John C. Pemberton: Part 2
by Morgan Gates,
Owner Historic Vicksburg Tours, Owner Haunted Vicksburg Tours, Author, Blogger, & Historian
In our last episode: John has followed his heart south, and become embroiled in the nation’s most tragic conflict. Thinking himself among friends, he finds himself betrayed on every side and fighting for his very survival against a relentless and overwhelming foe. Can he survive? Will Pattie still be waiting for him? Let’s find out…
Okay, sorry I couldn’t resist!
Last time, we learned that John C. Pemberton was a good solid soldier, a man with a good deal of military experience, a clean record and he had a good deal of opportunity to learn from the best. He was generally well liked by his superiors. Yet history remembers him as one of the biggest losers of the war. So, what happened?
Criticisms of Pemberton included lack of combat experience, too much reliance on “councils of war”, and a failure to act decisively to counter Grant’s moves toward Vicksburg. So, let’s break these down.
Combat experience: If you mean leading large units in traditional battles using the Napoleonic tactics that were the rule of the day in the early to mid-nineteenth century, then yes, you are correct. But you must remember that the same can be said for almost all of his contemporaries. Since the end of the Mexican-American War, 14 years before, the United States had seen no such action, and those who had done so, for the most part, were gone or too old to lead another war. Grant had seen some small unit action, but had not made the high-level decisions of a senior officer in Mexico. Pemberton, as an adjutant, had looked over the shoulders of those who had. He had also seen small scale action in Florida, against the Seminoles, before the war in Mexico, and was a member of the Utah Expedition against the Mormons in 1857. Pemberton often served as a staff member to those who were in command and as such he was in an excellent position as an “apprentice” of sorts and thus was no stranger to the demands of high level command.
Grant had no pre-Civil War command experience! He had resigned his Captains Commission in 1853, shortly after receiving it, and returned to civilian life. Prior to Vicksburg, Grant had experienced a baptism of fire in 1862 with a decisive win at Fort Donaldson, and a bloody nail biter at Shiloh. It could, however, be strongly argued that, in both cases, luck played a much larger role in these victories than skill, but as Napoleon once said “I would rather have a general who was lucky than a good one”
Councils of war: These are seen by some a sign of lack of confidence. This may in part be true, several of his recent experiences would have been enough to rock any man’s confidence. On the other hand, the same could have been said of Grant after Shiloh, as he sat with no duties as another man led his army. Grant even contemplated resigning again, but Sherman talked him out of it. On the other hand, one of the tenants of good leadership is to hire good people and let them do their jobs, and even the Bible endorses the concept of listening to wise council in Proverbs 12:15.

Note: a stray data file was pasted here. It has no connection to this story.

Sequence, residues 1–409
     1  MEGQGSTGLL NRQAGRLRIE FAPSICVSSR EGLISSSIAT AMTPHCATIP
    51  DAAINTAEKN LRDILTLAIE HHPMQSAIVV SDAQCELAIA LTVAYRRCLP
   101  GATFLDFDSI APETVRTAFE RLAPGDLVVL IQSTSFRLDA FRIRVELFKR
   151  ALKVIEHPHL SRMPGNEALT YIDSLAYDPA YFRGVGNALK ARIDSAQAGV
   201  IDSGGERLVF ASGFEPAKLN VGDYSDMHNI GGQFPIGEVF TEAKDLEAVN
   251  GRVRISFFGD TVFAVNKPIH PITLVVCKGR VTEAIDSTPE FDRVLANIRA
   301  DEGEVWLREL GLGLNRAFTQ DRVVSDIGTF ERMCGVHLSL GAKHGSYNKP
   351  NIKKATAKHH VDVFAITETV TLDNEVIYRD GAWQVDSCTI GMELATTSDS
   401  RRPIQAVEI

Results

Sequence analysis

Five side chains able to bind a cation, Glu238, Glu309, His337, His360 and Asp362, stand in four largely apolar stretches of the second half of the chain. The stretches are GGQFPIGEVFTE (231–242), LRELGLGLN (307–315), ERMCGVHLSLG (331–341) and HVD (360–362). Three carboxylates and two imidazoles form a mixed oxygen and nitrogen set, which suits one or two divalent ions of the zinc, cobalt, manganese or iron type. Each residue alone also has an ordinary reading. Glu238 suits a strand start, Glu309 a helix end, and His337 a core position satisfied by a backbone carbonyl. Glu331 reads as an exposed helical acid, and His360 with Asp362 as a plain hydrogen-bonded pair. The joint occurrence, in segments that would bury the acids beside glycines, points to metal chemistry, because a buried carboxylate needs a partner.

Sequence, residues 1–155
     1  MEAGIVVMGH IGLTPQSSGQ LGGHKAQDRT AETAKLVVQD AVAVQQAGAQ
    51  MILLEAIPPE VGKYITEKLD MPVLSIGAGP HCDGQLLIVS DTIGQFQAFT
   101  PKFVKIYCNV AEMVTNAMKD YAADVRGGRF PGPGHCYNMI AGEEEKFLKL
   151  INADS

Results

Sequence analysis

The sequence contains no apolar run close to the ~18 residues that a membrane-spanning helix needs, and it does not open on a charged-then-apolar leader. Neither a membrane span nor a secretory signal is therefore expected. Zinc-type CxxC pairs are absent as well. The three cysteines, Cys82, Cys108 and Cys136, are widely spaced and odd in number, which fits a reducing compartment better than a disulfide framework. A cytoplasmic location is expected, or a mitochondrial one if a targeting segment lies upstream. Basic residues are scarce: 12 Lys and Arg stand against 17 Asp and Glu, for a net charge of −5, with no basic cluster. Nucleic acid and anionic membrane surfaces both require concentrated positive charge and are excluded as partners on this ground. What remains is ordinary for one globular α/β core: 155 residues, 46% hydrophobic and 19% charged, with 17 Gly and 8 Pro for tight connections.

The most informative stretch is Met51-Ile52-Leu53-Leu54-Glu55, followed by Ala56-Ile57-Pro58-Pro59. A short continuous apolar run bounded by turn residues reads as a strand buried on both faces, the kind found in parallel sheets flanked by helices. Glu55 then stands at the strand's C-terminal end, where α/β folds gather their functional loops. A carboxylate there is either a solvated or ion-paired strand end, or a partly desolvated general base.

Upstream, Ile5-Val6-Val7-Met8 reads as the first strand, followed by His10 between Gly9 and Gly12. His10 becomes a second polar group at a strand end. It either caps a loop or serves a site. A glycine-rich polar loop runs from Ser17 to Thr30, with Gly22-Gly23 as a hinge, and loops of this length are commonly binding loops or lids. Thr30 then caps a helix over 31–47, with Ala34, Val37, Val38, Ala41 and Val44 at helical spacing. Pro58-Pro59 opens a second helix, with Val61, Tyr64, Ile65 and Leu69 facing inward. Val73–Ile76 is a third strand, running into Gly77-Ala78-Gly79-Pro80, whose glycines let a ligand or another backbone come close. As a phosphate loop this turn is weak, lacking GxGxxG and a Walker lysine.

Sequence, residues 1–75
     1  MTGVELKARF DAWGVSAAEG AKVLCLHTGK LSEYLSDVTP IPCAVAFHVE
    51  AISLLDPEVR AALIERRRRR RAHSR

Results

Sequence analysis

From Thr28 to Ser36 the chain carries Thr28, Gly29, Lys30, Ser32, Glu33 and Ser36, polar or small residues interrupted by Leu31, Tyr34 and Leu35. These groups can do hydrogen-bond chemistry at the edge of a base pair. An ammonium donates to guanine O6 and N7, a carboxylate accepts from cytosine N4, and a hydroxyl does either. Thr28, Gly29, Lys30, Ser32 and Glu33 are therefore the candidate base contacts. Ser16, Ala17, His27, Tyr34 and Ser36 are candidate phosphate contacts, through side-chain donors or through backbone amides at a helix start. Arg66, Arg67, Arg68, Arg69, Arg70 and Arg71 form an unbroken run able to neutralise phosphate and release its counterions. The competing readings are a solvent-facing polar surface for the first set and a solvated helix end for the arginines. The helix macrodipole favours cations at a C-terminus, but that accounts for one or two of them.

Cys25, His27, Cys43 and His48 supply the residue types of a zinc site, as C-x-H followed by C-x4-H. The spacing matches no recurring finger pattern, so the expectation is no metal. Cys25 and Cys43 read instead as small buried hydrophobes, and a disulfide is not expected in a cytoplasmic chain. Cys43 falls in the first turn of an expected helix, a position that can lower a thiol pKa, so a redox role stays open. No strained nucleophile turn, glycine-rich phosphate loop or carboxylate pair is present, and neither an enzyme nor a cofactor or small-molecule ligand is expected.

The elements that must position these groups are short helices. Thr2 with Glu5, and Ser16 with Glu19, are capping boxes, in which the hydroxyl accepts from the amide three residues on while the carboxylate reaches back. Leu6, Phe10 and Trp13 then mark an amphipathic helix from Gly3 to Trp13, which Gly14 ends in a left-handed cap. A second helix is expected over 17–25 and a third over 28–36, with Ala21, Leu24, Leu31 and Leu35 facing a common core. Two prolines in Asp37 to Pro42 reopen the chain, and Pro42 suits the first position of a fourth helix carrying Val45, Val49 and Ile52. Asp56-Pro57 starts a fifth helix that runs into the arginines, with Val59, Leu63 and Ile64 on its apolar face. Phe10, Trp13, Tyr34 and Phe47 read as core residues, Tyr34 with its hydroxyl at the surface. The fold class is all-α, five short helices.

Failure to act decisively: Other criticisms leveled against Pemberton have to do with his failure to stop Grant’s crossing of the Mississippi on April 30/May 1, and his subsequent, and unprecedented, 19th century Blitzkrieg approach to Vicksburg. The reply to this is that Pemberton did not have the man power, the reconnaissance (cavalry) or the transportation assets, to counter Grant’s movements and he knew it! His pleas for the return of his cavalry (from Tennessee where Johnson had ordered it), and reinforcements fell on deaf ears.
Pemberton’s performance at the Battle of Champion Hill is perhaps his most damming failure and a debacle it was, but as with most really great disasters, a whole series of failures occurred in quick succession. Contradictory directions from his President and his immediate commander. A break down in chain of command that delayed his move from Bovina due to inadequate supplies. Not to mention, a lack of good reconnaissance, due to lack of sufficient cavalry. Top this off with Loring’s insubordination and ultimate abandonment of the Army of Mississippi upon the retreat, had left Pemberton badly shaken before during and after the battle. Still, he managed to extract the army back to Vicksburg.
Once besieged, there was little he, or anyone else, could do but hold on and wait for help to arrive. The ultimate failure of Johnson to act decisively was Vicksburg’s, Pemberton’s, and, ultimately, the Confederacy’s doom. The political fallout from the loss of Vicksburg is compounded by a lingering prejudice among the people of the south against Pemberton’s northern birth and he becomes the scapegoat for the loss in the minds of many. Post War, Johnson attempts to deflect any tarnish from his own reputation by blaming the loss on Pemberton in his memoirs, rubbing salt into the wound so to speak.
Pemberton, by all objective standards, was a good, solid military man, who understood the military world of the day (pre-war). At any other point in history, he would have been remembered as a successful, if not imaginative, career officer. He lived, however, in a time when the rules of war were being torn up and rewritten. His opponent was considered to be very unmilitary in bearing and actions by many of his contemporaries. He did, however, have a good bit of experience in things not working as planned and coping on the fly, and in the chaotic world of the Civil War, this proved to be a positive asset.
He fell into Pattie’s arms, his spirit broken, his reputation in tatters, she softly whispered “I love you no matter what comes!” Together, they turned to face an uncertain future!